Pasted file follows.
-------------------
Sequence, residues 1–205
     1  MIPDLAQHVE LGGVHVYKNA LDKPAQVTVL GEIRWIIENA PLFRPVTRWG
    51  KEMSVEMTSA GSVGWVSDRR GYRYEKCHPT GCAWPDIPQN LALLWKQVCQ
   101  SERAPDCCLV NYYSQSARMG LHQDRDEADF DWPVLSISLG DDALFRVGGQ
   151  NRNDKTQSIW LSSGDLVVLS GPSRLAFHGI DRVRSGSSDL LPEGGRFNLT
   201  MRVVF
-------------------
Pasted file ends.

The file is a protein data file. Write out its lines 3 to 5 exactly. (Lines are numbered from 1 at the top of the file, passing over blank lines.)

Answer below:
    51  KEMSVEMTSA GSVGWVSDRR GYRYEKCHPT GCAWPDIPQN LALLWKQVCQ
   101  SERAPDCCLV NYYSQSARMG LHQDRDEADF DWPVLSISLG DDALFRVGGQ
   151  NRNDKTQSIW LSSGDLVVLS GPSRLAFHGI DRVRSGSSDL LPEGGRFNLT